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Dr. Tori Hudson, Portland, Oregon, Blog Healthline Blog

Intimate Partner Violence

Intimate partner violence (IPV) is defined as physical and sexual violence, emotional abuse, or stalking by an intimate partner.  One in four US women and one in ten men have experienced IPV in their lifetimes.  Throughout the world, IPV is the single leading cause of homicide death in women.  In the U.S. IPV against women disproportionately affects ethnic minorities.  Other disparities exist as well relate to socioeconomic and foreign-born status that impact the physical and mental health outcomes that result from IPV.  Approximately 42.4 million women in the U.S. experience rape, physical violence, and/or stalking by an intimate partner at some point in their lifetime.Red heart in child kid and mother hands on old blue wooden table

Social workers, clinicians, educators, public policy, mental health services, politicians, friends and family—- we must all do better.




Childhood causes of Death

The Centers for Disease Control and Prevention (CDC) just updated new data in May of 2022 that showed 45, 222 firearm related deaths in the U.S. in 2020.  This is a new peak. These new data show an increase of 13.5% in the crude rate of firearm-related death from 2019-2020.  This increase was largely driven by firearm homicides which saw a 33.4% increase from 2019-2020 and the increase rate of firearm suicides increased by 1.1% in this same time frame. Firearm homicides disproportionately affect younger individuals in the U.S.  Earlier analysis of data through 2016 showed that firearm-related injuries were second only to motor vehicle crashes as the leading cause of death among children and adolescents (ages 1-19 y.o.).  The gap has been narrowing between the two and in 2020, firearm-related injuries became the leading cause of death in that age group.  The increase in the rate of firearm related deaths including suicide and homicide (both unintentional and undetermined) among children and adolescents from 2019 to 2020 was 29.5%. This is more than twice as high as the increase in the general population.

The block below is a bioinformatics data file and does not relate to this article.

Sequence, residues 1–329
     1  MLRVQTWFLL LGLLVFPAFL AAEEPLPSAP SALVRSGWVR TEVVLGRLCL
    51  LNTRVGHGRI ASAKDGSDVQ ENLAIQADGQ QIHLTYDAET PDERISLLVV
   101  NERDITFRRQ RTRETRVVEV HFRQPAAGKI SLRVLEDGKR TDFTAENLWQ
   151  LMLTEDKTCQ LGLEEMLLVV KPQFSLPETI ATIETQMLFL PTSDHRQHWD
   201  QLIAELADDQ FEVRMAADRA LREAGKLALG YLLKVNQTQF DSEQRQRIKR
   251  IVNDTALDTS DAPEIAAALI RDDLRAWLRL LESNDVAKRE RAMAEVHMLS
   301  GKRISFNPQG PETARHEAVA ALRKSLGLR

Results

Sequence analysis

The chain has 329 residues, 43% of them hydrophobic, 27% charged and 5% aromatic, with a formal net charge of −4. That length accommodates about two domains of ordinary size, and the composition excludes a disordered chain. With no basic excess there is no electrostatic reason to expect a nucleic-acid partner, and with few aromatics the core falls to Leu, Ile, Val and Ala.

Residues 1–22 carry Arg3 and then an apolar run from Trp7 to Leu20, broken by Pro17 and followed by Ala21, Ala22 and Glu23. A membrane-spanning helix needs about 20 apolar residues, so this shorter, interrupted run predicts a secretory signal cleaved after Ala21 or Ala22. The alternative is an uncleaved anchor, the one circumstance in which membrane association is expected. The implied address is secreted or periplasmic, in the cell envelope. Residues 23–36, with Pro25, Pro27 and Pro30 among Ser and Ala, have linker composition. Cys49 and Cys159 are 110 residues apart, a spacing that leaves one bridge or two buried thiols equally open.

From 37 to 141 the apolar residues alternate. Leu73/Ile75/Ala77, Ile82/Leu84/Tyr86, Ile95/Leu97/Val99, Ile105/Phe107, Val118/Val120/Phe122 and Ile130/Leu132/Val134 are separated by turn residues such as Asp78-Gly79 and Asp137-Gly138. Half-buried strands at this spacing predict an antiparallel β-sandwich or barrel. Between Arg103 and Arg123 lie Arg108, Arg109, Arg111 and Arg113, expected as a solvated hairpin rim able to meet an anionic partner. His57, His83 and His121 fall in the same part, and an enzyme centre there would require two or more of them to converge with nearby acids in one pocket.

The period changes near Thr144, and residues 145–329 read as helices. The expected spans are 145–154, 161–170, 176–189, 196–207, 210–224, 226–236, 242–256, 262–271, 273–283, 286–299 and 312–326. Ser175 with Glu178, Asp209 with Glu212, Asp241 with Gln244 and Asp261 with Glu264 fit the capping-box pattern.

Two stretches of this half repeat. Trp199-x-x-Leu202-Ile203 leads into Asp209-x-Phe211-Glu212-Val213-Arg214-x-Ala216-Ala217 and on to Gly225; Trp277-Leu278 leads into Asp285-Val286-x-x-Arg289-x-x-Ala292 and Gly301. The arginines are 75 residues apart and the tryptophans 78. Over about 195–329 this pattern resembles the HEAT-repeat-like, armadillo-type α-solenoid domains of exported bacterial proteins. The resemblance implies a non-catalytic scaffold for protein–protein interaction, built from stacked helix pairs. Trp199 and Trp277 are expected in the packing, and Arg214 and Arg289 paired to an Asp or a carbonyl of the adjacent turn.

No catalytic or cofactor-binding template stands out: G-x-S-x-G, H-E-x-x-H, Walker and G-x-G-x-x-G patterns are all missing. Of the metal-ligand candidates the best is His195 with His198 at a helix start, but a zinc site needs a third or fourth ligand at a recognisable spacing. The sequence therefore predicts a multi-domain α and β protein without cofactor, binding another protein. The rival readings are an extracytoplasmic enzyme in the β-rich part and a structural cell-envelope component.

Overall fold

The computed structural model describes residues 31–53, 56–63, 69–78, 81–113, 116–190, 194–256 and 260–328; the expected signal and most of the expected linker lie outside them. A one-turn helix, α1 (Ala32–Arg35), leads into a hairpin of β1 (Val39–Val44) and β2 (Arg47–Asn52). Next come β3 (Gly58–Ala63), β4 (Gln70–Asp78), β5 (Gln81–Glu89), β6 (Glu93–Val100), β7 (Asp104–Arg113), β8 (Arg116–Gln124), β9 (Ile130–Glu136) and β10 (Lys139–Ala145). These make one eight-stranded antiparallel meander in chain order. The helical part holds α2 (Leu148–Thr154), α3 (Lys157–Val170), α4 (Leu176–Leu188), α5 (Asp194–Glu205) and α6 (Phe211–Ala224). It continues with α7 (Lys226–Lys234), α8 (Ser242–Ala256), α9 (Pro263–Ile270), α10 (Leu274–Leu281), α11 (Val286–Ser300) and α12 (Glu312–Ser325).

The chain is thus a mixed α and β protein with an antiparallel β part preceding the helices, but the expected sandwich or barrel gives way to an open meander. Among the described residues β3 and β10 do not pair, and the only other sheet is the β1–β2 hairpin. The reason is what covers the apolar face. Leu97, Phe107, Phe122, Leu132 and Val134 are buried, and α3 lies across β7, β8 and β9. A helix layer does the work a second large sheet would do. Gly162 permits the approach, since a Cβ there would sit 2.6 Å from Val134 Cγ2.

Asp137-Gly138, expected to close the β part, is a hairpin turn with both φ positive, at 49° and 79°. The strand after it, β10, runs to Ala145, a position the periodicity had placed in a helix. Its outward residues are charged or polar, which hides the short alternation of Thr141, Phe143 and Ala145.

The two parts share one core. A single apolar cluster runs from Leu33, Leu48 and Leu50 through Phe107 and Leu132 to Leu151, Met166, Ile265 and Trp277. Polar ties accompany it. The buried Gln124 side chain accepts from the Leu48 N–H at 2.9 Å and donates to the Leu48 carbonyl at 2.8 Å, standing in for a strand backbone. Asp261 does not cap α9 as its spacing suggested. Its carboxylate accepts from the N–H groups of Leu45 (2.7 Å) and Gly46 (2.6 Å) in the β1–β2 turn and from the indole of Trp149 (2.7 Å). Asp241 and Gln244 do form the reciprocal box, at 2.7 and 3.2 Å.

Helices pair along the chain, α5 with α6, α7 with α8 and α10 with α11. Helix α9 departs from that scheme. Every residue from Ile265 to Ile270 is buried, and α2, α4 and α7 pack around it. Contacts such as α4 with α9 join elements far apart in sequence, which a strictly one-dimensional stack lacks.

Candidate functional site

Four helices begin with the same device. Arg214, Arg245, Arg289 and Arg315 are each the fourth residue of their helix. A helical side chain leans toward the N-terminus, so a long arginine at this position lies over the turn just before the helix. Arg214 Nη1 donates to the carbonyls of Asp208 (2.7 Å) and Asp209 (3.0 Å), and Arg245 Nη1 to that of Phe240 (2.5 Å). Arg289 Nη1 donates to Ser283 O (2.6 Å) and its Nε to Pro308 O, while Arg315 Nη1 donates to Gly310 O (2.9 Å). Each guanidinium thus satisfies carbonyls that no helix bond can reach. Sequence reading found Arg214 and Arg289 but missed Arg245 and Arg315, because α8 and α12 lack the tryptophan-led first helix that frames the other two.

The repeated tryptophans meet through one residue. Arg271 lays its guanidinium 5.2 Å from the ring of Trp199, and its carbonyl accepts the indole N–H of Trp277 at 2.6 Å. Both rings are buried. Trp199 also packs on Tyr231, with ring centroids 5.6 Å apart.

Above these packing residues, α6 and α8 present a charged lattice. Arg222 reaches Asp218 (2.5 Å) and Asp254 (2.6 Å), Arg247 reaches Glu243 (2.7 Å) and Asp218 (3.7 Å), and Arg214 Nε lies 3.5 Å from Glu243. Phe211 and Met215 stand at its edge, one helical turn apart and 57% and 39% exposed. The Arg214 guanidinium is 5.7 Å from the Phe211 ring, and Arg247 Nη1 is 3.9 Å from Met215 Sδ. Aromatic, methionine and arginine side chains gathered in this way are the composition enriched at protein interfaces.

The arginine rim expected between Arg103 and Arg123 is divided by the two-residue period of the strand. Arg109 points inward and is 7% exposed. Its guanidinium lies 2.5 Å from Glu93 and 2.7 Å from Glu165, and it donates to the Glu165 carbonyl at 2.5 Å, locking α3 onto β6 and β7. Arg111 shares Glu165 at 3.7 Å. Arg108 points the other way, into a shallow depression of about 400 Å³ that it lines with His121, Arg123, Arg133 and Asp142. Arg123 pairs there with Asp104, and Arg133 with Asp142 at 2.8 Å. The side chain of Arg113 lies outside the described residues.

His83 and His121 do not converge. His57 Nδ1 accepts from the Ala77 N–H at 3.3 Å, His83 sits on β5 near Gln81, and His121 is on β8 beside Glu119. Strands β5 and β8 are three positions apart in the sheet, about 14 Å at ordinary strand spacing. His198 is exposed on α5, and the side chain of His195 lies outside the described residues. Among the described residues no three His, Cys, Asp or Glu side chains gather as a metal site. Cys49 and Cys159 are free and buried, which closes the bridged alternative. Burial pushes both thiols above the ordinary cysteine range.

If that news wasn’t bad enough, drug overdose and poisoning increased by 83.6% from 2019-2020 among children and adolescents, putting it at now the third leading cause of death in ages 1-19.  The biggest explanation for this is the 110.6% increase in unintentional poisonings from 2019-2020.

I think we have to admit, we are failing to protect our children— from firearm violence, motor vehicle accidents, accidental poisonings and recreational drugs.

The multiplicity of factors and influences on these issues, let alone the comprehensive approach and solutions needed are complex and seemingly overwhelming.  Maybe we can each make at least a little difference in our own realms.  And hopefully, wise leaders and everyday community members can help lead the way.

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